I don’t have to tell you about today’s strong sentiments that going to college is too expensive, and that those who manage the business of higher education don’t do enough to keep it affordable. We hear this nearly every day in our communities, in the media, and in the halls of Congress.
We have good reason to share the concern. According to the latest report from the College Board, the average annual tuition and fees at public four-year institutions total $8,893, and at private not-for-profit four-year institutions the number is $30,094. The good news: For public institutions the increase is only 2.9 percent this year—the smallest one-year jump in more than 30 years. For private institutions, the increase was 3.8 percent, also lower than recent tuition hikes.
Nevertheless, nearly 60 percent of U.S. undergraduate students nowneed to borrow to go tocollege, and the averagedebt load for those who do—and eventually earna bachelor’s degree—is $25,000. All this comes at a time when holding a degreeis more essential than ever for qualifying for a job in our economy. According toGeorgetown University’s Center on Education andthe Workplace, by 2020, 65 percent of all jobs in the United States will require postsecondary education, up from 28 percent in 1973.
Higher Education’s Long-Term Value
At NACUBO, we are eager and determined to add insight to the public discussion about college costs and access. A key element in the NACUBO long-range strategic plan for 2014–16, recently adopted by our association’s board of directors, is the goal of communicating to the public the value of higher education.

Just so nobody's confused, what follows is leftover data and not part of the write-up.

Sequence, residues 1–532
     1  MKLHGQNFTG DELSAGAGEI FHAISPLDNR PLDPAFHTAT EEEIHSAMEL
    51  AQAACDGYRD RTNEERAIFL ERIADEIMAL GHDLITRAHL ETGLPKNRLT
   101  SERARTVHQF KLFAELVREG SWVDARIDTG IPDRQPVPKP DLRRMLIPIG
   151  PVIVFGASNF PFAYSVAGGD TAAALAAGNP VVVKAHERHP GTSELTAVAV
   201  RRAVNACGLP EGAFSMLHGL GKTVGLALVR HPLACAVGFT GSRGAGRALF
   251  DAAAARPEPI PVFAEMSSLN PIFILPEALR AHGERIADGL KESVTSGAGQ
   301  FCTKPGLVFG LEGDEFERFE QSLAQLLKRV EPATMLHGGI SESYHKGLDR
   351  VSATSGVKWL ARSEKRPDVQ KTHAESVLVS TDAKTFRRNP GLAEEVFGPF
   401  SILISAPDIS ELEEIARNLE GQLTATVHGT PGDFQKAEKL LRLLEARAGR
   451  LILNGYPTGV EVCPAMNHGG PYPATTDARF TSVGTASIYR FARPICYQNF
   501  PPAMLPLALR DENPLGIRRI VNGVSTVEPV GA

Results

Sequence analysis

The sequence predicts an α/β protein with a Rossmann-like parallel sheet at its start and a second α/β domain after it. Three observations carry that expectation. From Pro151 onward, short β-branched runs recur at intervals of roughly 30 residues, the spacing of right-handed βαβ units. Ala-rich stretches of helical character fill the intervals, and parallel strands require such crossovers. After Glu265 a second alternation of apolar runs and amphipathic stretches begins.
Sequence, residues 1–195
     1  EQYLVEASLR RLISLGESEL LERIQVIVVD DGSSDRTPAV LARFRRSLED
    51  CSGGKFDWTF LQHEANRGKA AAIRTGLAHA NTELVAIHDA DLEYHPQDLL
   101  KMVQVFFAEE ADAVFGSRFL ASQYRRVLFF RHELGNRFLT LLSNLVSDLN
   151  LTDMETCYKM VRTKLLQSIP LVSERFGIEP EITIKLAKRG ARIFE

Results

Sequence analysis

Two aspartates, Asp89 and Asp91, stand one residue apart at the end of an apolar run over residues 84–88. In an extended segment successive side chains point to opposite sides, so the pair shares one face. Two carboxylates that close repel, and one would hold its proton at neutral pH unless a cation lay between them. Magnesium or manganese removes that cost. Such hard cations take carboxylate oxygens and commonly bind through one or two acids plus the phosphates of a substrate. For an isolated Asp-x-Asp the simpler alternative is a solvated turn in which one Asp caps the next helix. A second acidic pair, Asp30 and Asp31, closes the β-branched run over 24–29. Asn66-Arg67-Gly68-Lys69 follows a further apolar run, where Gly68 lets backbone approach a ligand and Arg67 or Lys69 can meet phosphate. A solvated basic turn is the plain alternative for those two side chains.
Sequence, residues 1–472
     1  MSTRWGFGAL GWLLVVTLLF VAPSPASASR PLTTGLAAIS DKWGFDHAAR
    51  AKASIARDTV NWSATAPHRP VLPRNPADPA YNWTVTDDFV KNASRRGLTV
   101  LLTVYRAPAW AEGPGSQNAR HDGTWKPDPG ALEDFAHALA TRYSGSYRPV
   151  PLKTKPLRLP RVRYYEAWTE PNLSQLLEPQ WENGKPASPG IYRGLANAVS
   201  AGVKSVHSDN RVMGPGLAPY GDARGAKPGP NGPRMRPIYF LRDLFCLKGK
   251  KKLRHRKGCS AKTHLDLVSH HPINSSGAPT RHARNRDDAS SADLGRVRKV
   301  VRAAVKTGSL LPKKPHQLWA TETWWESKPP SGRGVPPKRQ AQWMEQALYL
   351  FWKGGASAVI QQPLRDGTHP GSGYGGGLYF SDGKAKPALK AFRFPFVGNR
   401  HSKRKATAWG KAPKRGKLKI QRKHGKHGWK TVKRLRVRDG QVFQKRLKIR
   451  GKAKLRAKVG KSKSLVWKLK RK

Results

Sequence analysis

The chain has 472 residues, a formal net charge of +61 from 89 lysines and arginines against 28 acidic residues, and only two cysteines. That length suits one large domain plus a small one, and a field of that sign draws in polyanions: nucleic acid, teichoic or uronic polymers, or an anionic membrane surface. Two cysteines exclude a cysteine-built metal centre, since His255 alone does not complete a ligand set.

Recently, Liz Clark, NACUBO’s director of congressional relations, represented us at a Department of Education (ED) hearing about President Obama’s proposals to address college costs and make college more affordable. One idea is to develop a new rating system for our colleges and universities based on outcome measures like graduation rates and graduate school placements; and affordability metrics, such as tuition amounts and increases, average loan debt, and number of Pell Grant recipients.
During the hearing, Clark made the point that by increasing the public’s awareness about what it costs to run our institutions, and where our revenue comes from, we can create a clearer understanding of why tuition is what it is. NACUBO also recommended that any rating system accommodate the vast diversity reflected in higher education institutions, and that the ratings be designed so they do not discourage investment in desirable outcomes—like creative thinking and civic responsibility—that are not easily measurable. Most importantly, we encouraged ED to partner with NACUBO in communicating to the public more-understandable financial information that clarifies college and university costs and value.
A More-Enlightening Reporting Model
With regard to financial information, be sure to read this issue’s article, “Reporting Reimagined,” which describes NACUBO’s “Blank Slate Project.” This volunteer effort seeks to explain more clearly to stakeholders the resources, operations, costs, and results associated with running a college or university. A unified reporting model for public and independent institutions represents a major step toward making a better case in the public forum for the value of higher education. I encourage you to examine the project’s details and goals, and to give us your feedback and support.
With this article, Business Officer launches a Financial Reporting and Management Series, a group of feature articles that focus on further efforts to clarify the business of higher education. Taken together, these proposals and approaches can contribute significantly to the financial and operational transparency that makes for more-informed decision making by students and families, as they consider the path toward educational achievement and why it is so important.
John Walda, NACUBO President and Chief Executive Officer